Mark Graham, Head of Department, Associate Professor, Department of Social Anthropology, Stockholm University

Beyond the Sexual Subject: Queer Dimensions of Infrastructure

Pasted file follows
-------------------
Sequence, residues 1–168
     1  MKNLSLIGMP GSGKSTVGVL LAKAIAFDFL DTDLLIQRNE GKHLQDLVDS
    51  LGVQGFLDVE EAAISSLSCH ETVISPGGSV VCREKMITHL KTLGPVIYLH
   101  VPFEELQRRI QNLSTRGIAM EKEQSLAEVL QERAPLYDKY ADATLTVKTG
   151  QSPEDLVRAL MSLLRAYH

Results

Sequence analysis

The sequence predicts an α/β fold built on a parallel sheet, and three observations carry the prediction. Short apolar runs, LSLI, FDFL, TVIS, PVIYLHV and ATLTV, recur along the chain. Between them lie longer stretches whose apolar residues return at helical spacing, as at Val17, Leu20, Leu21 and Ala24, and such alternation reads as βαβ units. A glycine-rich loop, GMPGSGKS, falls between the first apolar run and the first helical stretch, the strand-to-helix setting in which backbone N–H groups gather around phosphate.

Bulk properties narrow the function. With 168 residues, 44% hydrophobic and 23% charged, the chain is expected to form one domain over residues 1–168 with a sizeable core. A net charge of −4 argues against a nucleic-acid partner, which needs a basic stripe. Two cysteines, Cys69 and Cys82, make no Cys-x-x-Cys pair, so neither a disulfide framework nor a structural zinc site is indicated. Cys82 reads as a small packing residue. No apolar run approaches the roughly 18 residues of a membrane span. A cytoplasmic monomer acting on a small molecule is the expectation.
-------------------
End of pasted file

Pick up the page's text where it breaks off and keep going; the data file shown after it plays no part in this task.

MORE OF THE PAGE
One of the starting points for this paper is Foucault’s work on the sexual subject. As is well known, Foucault wanted us to avoid demands to conform to and become a sexual type or species ensnared in the disciplinary matrix of sexuality. His advice was taken up and developed by queer theory and queer anthropology’s variant of it in their respective attempts (not always successful) to move beyond a focus on sexual minorities and identities. In this paper, I too want to explore subjectification, or, rather, to inquire into an anthropology that is ‘subjectless’. In doing so I want to extend the reach of a queer anthropology beyond identities and sexual minorities. I start with an overview of what a queer anthropology can do (based largely on my recent book Anthropological Explorations in Queer Theory). I then go on to present an example from Sydney, Australia, through a consideration of the queer dimensions of infrastructure. The infrastructures I have in mind date from the beginning of ‘settler society’, i.e. British colonial expansion in Australia at the very end of the 18th and beginning of the 19th centuries.

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